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Title: Qalandariyya  
Author: World Heritage Encyclopedia
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Subject: Sufism, Qutb ad-Dīn Haydar, Fazlallah Astarabadi (Naimi), Lataif-e-sitta, List of Sufi orders
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The Qalandariyyah (Qalandar Yusuf al-Andalusi of Andalusia, Spain.

Starting in the early 12th century, the movement gained popularity in Greater Khorasan and neighbouring regions, including the South Asia.[1] The first references are found in the 11th-century prose text Qalandarname (The Tale of the Kalandar) attributed to Ansarī Harawī. The term Qalandariyyat (the Qalandar condition) appears to be first applied by Sanai Ghaznavi (died 1131) in seminal poetic works where diverse practices are described. Particular to the qalandar genre of poetry are terms that refer to gambling, games, intoxicants and Nazar ila'l-murd - themes commonly referred to as kufriyyat or kharabat. The genre was further developed by poets such as Fakhr al-din Iraqi and Farid al-din Attar.

Qalandariyya in South Asia

The Qalandariya may have arisen from the earlier Malamatiyya and exhibited some Buddhist and Hindu influences in South Asia.[2] They condemned the use of drugs and dressed only in blankets or in hip-length hairshirts.[3]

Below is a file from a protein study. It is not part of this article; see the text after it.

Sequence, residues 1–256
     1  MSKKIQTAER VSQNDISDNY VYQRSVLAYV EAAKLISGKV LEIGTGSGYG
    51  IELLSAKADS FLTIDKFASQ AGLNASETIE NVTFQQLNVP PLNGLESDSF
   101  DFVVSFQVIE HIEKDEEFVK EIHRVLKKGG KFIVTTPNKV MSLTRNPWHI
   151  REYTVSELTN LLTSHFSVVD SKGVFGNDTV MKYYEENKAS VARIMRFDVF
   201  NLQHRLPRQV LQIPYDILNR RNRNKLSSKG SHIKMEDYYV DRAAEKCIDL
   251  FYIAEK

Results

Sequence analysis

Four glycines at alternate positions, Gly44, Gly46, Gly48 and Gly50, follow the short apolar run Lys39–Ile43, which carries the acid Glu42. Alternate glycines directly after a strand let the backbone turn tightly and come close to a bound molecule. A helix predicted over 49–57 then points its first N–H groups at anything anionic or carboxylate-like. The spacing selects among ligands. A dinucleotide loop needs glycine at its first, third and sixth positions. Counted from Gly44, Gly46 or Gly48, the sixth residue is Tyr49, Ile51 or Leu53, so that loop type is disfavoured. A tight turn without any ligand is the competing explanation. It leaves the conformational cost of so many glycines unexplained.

The writings of qalandars were not a mere celebration of libertinism, but antinomial practices of affirmation from negative action. The order was often viewed suspiciously by authorities.

The term remains in popular culture. Sufi qawwali singers the Sabri brothers and international Qawwali star Nusrat Fateh Ali Khan favoured the chant dam a dam masta qalandar (with every breath ecstatic Qalandar!), and a similar refrain appeared in a hit song from Runa Laila from movie Ek Se Badhkar Ek that became a dancefloor crossover hit in the 1970s.

In Pakistan and North India, descendents of Qalandariyah faqirs now form a distinct community, known as the Qalandar biradari.

See also


  • De Bruijn, The Qalandariyyat in Persian Mystical Poetry from Sana'i, in The Heritage of Sufism, 2003.
  • Ashk Dahlén, The Holy Fool in Medieval Islam: The Qalandariyat of Fakhr al-din Araqi, Orientalia Suecana, vol.52, 2004.


  1. ^ "Merriam-Webster's Encyclopædia of World Religions".  
  2. ^ "Merriam-Webster's Encyclopædia of World Religions".  
  3. ^ "Merriam-Webster's Encyclopædia of World Religions".  
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